At the beginning, a man (Bruno Lawrence) wakes up splayed naked on a bed. He’s groggy, soaked in sweat, and disoriented. It is a startling opening shot, full frontal and everything. He is not really vulnerable, he is just… there. You are not really sure what his deal is. It might just seem like a bad start to his morning, except it is going to get worse… much worse. He leaves the house, seemingly on his regular routine, to find out that the streets, the town, the city, the world is completely deserted. Every living thing is simply gone.
What would you do if you were the last person on earth? Would you panic? Would you loot? Would you give up hope and kill yourself? Would you go feral? This man has a sneaking suspicion that he may have actually played a part in the disaster, as he was part of a high-tech research project (of course run by the Americans). Something about energy grids and pulses and what have you. They thought there might be a side effect, but why was he still around?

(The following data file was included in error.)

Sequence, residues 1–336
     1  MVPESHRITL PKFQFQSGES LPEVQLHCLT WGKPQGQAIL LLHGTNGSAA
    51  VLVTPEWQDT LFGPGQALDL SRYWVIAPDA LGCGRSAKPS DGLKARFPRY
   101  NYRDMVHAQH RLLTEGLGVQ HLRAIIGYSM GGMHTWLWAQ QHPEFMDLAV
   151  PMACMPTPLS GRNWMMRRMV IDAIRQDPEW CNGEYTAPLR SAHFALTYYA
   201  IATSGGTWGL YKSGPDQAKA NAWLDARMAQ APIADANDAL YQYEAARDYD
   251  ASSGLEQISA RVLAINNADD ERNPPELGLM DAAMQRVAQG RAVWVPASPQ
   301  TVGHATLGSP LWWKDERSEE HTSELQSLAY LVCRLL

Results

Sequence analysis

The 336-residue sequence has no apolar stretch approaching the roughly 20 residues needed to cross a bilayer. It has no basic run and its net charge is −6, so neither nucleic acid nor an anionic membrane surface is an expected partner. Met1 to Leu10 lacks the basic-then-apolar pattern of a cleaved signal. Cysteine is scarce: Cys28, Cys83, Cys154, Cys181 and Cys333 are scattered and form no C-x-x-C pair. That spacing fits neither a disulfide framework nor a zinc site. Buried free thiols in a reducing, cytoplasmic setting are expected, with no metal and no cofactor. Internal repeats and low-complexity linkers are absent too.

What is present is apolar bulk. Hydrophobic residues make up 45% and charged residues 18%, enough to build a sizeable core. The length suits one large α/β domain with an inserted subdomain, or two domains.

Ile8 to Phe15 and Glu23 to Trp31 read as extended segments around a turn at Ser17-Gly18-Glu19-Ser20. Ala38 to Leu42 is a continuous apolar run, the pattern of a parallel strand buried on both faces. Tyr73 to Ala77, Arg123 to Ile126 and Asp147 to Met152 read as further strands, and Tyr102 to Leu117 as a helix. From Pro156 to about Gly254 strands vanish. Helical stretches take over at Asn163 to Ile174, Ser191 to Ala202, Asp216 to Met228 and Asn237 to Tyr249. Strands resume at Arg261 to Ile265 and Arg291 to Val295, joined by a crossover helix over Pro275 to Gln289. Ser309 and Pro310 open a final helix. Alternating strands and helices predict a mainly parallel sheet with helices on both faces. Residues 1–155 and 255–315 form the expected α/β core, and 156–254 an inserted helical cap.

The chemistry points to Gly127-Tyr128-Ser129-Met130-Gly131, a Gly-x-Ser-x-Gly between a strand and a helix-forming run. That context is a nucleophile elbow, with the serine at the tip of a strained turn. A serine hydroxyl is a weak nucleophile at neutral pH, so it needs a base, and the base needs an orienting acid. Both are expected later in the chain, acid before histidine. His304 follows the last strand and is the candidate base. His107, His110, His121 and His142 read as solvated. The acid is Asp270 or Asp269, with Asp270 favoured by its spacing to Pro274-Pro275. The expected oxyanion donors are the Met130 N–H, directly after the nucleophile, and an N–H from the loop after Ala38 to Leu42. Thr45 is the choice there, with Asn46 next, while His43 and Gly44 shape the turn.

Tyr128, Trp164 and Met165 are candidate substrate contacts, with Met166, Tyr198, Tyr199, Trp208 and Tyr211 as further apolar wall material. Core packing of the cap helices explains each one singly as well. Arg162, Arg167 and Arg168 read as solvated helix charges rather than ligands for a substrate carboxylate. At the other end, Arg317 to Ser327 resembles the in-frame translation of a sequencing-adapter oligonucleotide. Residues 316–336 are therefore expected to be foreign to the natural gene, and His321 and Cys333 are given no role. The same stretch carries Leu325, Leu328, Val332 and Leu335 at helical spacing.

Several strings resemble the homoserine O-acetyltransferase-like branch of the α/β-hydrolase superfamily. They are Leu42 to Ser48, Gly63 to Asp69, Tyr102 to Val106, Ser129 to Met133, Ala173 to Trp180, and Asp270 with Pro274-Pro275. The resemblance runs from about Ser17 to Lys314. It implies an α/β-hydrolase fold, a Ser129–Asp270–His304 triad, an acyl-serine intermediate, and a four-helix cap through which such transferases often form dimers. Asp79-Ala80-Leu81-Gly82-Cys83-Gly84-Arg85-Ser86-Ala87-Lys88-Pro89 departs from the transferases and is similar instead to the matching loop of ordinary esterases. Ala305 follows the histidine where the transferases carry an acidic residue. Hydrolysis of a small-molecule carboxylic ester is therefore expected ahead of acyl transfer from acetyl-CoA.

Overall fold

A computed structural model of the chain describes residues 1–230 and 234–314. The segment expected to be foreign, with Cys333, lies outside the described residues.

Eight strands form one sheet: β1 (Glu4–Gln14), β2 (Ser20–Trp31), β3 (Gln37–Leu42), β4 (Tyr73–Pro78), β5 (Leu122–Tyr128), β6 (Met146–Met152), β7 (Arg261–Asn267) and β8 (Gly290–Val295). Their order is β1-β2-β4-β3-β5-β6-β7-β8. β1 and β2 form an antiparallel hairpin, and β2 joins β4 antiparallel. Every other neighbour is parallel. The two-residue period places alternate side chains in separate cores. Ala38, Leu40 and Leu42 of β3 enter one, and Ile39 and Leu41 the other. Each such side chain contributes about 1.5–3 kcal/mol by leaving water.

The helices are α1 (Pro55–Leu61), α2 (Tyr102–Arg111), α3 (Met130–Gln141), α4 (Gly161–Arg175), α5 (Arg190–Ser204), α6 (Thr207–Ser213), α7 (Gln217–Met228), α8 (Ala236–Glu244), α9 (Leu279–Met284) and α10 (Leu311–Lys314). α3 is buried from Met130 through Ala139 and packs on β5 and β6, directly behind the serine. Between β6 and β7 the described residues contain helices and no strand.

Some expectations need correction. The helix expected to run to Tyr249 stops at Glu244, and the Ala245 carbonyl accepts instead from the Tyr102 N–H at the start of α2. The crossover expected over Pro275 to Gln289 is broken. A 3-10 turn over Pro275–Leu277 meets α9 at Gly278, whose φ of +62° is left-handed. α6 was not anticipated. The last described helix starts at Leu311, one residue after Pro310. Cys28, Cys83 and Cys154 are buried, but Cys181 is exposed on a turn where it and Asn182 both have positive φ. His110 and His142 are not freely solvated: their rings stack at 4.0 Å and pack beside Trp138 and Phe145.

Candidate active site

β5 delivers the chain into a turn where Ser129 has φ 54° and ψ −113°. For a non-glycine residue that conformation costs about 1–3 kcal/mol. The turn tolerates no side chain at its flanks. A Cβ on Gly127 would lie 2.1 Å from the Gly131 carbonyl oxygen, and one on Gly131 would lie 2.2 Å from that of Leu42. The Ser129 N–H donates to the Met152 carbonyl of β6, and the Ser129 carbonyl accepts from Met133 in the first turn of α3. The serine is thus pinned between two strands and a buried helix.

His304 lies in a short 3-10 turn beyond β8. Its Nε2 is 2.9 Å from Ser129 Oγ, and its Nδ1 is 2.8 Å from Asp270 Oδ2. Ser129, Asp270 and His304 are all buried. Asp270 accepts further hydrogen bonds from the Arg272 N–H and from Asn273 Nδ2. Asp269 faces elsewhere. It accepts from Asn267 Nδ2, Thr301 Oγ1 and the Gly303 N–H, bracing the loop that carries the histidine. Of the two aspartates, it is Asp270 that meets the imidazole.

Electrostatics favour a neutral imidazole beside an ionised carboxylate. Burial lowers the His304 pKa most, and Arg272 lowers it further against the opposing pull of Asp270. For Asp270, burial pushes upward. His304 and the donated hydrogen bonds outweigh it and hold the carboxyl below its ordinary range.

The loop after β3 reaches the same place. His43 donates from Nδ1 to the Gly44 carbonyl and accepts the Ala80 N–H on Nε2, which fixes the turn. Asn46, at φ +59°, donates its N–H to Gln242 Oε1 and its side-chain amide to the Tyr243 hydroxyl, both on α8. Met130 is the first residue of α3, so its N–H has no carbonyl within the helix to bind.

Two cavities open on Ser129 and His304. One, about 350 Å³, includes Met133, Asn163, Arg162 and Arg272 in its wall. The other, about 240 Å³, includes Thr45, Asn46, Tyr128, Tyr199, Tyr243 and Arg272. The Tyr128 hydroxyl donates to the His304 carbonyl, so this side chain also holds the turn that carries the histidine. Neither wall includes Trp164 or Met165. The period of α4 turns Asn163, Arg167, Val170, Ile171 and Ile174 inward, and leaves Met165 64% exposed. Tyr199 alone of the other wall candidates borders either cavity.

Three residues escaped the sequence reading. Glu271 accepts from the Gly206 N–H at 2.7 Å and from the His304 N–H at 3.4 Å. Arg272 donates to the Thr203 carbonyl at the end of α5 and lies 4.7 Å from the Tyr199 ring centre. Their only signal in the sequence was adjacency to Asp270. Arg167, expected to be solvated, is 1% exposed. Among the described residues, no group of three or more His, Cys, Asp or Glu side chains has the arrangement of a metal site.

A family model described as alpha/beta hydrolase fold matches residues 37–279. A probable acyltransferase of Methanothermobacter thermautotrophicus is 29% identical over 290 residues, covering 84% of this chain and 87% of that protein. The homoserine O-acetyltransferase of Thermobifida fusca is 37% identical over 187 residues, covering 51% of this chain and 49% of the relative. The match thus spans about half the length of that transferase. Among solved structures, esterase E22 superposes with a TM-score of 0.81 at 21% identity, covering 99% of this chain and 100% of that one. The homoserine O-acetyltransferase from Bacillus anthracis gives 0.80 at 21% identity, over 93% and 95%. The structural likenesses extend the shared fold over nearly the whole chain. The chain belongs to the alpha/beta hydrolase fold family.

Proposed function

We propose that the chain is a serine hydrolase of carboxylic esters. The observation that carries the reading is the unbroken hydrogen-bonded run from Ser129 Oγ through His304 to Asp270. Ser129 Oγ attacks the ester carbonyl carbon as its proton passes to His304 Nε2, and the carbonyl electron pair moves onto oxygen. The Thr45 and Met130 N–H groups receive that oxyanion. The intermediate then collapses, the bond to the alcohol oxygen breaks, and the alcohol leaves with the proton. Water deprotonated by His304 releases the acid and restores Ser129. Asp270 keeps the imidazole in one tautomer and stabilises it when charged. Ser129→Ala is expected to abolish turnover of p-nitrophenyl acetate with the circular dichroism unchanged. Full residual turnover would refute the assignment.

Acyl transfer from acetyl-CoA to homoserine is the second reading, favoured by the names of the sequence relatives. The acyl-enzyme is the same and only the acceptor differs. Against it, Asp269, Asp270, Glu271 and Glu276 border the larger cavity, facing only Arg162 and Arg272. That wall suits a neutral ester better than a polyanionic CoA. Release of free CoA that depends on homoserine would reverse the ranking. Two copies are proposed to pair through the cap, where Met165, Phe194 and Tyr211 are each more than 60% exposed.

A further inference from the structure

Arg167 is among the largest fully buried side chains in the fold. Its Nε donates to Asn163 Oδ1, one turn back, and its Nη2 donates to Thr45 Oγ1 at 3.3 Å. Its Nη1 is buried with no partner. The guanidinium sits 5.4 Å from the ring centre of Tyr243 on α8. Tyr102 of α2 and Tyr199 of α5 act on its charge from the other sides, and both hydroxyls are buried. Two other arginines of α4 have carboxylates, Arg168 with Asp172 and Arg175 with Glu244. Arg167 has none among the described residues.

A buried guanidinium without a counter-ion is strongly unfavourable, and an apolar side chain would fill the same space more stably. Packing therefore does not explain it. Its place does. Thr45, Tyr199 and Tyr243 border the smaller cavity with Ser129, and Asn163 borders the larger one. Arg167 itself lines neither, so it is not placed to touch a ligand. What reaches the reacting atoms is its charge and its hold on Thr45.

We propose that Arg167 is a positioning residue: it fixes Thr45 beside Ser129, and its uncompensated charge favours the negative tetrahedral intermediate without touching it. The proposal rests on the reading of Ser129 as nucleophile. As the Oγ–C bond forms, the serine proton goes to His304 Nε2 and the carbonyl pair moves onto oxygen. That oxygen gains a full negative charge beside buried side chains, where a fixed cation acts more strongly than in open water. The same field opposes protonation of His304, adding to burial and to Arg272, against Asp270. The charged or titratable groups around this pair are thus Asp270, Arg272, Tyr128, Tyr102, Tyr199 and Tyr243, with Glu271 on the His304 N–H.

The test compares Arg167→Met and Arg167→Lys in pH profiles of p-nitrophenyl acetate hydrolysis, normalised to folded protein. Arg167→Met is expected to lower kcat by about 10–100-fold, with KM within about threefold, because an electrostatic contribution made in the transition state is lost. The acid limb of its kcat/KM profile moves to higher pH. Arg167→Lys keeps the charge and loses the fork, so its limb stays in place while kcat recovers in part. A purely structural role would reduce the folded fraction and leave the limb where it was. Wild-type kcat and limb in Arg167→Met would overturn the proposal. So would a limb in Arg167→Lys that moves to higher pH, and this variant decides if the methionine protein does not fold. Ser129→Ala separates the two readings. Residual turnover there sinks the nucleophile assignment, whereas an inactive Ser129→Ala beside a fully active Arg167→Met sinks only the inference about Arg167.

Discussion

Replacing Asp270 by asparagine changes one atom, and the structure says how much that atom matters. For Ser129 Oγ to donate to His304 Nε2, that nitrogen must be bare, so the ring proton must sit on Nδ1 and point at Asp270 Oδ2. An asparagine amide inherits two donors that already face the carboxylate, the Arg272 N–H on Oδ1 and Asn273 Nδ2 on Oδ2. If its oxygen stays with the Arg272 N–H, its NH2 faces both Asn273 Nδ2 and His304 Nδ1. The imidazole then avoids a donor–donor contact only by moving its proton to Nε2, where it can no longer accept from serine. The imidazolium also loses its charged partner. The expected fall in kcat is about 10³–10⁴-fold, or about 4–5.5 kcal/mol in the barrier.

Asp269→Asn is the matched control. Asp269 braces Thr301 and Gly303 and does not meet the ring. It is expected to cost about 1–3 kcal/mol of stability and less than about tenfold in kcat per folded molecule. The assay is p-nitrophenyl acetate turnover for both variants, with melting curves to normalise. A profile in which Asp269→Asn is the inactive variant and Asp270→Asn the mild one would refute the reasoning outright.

The first half of The Quiet Earth is very effective. Though it is low budget, special effects are barely needed as the emptiness of what used to be bustling civilation is inherently creepy. At its best, The Quiet Earth invokes The Twilight Zone (specifically making me think of the episode where a man just wanted to be left alone to read, then all of humanity disappears, only for him to accidentally step on his glasses, leaving him basically blind). Without giving away any more of the plot, the second half introduces some additional plot lines which make it a more typical post-apocalyptic scenario.
However, the movie overall is intriguing and ambitious, boasting one of the more famous head scratching final shots of any sci-fi movie. The Quiet Earth is rightly an indie sci-fi classic that is worth checking out.
Released on Blu-ray after being out of print, the film includes feature commentary by physicist Neil deGrasse Tyson (who says it is one of his favorite films) and Odie Henderson, a critic for RogerEbert.com. There is also a booklet included with an essay by Teresa Heffernan, an English professor who writes about post-apocalyptic culture.